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Aubrey Plaza is one of those performers who is always good, no matter how big the part or how strong the movie. Whether she’s part of a sitcom ensemble like Parks & Recreation, vamping it up as a villain on superhero show Legion or playing the charismatic foil in a rom-com like the Happiest Season, the viewer is drawn to her. Hell, she was even good in dreck like Dirty Grandpa. There’s something about her big expressive eyes, her smirk that can read simultaneously as genuine and ironic, and her comic yet dry delivery that combined gives the characters she plays a rich inner life, an unpredictable quality. No matter who she is playing, the audience always wants to know more.
While Plaza has shone in plenty of projects, very few have given her a lead role worthy of her talents – 2017’s dark yet slightly treacly comedy-drama Ingrid Goes West probably came closest. That is until Black Bear, the latest from indie writer-director Lawrence Michael Levine (Gabi on the Roof in July) – a thriller-drama with echoes of John Cassavetes and Robert Altman. In a starring part that plays to her strengths, it’s only here Plaza has been able to finally give the full-blooded, startingly powerful performance that those following her career knew was in her.
She plays Allison, who begins the film as an actress-turned-filmmaker who is in between projects and is looking for inspiration. She rents a room at a remote lake house – run by musician Gabe (Christopher Abbott, Possessor) and his pregnant dancer girlfriend Blair (Sarah Gadon, Alias Grace) – in order to try to write a screenplay. Blair and Gabe quickly reveal themselves to be unhappy together, as evident by their constant bickering. Meanwhile, the mysterious Allison’s presence drives a further wedge between them.
Frankly, this scenario would be intriguing enough to sustain a feature. In this early passage, the audience has no idea where their loyalties should lie. While Allison is very likable from the opening moments, thanks to her brazen attitude towards life and sharp wit, there’s something slightly off about her. For one thing, she is enigmatic – at one point denying she is married, despite Gabe being told she was. At other points, she seems to delight in sparking feuds between the couple she is staying with.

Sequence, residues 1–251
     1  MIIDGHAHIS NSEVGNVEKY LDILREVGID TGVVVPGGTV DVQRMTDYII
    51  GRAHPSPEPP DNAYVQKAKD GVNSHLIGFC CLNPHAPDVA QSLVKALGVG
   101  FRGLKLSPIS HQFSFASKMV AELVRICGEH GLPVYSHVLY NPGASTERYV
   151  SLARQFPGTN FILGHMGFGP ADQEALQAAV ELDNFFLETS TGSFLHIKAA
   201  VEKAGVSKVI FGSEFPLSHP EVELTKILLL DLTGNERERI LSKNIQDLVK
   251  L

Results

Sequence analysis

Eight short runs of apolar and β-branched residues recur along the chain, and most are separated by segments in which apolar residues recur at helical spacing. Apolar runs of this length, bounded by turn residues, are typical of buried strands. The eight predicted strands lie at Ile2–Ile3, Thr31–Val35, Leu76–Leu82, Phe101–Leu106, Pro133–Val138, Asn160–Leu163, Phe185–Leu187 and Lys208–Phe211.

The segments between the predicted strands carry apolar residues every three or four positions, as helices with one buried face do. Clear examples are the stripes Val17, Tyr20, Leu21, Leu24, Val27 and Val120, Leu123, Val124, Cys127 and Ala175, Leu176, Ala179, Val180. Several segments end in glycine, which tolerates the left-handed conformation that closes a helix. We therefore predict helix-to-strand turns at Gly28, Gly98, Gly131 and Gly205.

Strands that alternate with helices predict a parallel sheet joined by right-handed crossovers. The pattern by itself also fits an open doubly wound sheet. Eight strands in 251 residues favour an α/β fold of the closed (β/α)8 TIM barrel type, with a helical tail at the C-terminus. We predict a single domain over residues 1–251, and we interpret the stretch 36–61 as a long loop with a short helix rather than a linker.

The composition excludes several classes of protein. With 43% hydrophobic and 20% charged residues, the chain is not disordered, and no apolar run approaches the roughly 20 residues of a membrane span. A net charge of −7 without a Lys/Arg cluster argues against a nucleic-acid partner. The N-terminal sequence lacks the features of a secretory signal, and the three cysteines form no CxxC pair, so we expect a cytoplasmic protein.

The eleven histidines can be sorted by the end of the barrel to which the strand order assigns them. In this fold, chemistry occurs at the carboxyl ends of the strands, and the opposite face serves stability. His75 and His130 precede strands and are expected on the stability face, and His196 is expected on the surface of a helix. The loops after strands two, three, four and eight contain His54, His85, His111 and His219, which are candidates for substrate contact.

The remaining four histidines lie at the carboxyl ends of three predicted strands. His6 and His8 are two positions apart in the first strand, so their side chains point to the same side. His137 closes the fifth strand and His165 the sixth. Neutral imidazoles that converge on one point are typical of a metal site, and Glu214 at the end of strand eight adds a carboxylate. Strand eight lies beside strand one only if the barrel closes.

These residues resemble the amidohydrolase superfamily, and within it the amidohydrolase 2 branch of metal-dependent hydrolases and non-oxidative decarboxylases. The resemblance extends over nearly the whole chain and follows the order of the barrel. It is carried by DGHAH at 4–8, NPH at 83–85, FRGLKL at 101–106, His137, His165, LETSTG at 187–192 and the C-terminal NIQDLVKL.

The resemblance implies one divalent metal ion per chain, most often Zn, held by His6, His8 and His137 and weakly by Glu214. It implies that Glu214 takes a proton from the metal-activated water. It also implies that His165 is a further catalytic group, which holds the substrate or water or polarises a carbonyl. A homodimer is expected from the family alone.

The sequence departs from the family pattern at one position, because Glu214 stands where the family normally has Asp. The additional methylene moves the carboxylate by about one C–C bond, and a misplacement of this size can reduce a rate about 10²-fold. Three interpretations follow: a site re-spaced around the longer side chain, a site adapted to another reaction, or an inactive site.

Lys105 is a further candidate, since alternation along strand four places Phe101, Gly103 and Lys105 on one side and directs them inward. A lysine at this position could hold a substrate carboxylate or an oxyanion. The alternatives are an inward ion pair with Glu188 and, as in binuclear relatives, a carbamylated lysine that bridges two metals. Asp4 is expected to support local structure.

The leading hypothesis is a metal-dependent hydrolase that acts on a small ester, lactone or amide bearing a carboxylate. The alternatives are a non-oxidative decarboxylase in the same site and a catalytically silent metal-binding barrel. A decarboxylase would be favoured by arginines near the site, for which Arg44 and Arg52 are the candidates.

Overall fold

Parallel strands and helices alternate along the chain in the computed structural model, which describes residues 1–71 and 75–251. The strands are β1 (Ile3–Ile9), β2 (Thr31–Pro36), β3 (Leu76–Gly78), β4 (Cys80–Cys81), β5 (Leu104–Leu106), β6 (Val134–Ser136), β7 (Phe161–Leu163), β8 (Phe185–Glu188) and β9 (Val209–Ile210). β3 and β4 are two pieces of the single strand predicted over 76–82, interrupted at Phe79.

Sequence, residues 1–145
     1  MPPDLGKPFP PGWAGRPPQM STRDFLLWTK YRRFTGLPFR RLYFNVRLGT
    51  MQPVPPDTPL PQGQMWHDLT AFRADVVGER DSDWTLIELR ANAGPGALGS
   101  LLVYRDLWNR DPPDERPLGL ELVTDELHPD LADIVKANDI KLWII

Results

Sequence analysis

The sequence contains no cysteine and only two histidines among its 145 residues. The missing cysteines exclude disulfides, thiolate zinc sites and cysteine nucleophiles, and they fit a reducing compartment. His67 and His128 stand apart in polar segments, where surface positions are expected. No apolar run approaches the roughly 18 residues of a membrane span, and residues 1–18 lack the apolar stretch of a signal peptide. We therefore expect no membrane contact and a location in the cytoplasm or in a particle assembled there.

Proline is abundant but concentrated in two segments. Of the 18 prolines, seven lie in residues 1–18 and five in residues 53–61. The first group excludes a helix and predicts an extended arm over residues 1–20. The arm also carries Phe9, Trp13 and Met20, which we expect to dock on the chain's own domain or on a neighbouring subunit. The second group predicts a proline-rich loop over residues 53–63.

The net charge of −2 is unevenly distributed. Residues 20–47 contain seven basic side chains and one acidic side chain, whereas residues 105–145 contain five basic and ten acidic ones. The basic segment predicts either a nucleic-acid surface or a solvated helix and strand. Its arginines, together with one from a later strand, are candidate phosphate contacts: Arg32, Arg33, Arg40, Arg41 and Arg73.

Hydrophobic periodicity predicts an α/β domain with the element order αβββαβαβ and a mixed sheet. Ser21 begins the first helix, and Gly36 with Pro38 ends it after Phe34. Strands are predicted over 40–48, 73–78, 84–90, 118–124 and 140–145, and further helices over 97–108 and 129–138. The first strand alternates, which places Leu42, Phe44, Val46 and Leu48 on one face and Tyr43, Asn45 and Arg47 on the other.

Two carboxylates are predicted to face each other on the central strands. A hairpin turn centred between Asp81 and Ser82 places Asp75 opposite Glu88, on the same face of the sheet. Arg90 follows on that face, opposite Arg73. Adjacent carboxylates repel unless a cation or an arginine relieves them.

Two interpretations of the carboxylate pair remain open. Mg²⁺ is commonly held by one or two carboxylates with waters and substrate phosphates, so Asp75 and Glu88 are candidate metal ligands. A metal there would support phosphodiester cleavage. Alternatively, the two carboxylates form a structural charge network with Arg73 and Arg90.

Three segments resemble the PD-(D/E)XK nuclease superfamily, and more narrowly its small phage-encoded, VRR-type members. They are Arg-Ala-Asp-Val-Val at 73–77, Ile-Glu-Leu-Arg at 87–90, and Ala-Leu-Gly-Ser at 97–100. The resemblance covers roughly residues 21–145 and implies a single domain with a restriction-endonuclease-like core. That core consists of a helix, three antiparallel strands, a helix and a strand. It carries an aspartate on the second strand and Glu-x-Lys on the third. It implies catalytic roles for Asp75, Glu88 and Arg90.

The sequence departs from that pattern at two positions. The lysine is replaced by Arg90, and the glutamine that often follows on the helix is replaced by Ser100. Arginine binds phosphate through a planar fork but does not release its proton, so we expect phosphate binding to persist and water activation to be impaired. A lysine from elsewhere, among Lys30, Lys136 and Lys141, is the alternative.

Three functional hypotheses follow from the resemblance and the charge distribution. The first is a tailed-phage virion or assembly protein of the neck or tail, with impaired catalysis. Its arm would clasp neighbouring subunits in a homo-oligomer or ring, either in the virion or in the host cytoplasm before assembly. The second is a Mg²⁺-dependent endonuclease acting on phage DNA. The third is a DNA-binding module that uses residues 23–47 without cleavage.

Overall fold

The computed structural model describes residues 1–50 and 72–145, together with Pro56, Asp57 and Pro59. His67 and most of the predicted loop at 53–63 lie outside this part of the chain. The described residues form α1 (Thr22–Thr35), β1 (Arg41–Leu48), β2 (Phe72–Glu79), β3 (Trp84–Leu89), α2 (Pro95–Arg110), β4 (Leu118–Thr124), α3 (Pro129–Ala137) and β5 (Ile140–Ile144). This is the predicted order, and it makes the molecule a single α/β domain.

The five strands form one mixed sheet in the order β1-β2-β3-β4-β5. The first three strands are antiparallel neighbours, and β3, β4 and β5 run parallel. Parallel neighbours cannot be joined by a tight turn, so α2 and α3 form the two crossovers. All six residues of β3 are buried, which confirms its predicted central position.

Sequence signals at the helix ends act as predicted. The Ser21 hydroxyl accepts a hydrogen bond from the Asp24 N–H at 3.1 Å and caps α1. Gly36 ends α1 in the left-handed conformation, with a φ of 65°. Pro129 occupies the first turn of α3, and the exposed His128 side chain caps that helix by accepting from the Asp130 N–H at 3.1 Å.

Further enthralling viewers (and adding to the 60s / 70s indie US cinema fumes Black Bear runs on) is Abbott and Gadon’s seemingly Who’s Afraid of the Virginia Woolf? inspired turns. The pair deliver big theatrical performances as the resentful and confrontational Gabe and the fragile yet fiery Blair, making every swipe at each other – whether it be a passive-aggressive remark or a screamed insult – incredibly entertaining. Couple this with hints that the title bear is roaming outside the lake house and a suspenseful score and setting that feels ripped from Robert Altman’s horror Images, Black Bear accomplishes that increasingly difficult thing for a film to attain – to be genuinely unpredictable.
For those who don’t want to know more about Black Bear’s plot, I would advise them to stop reading now and go see the movie before returning to this review.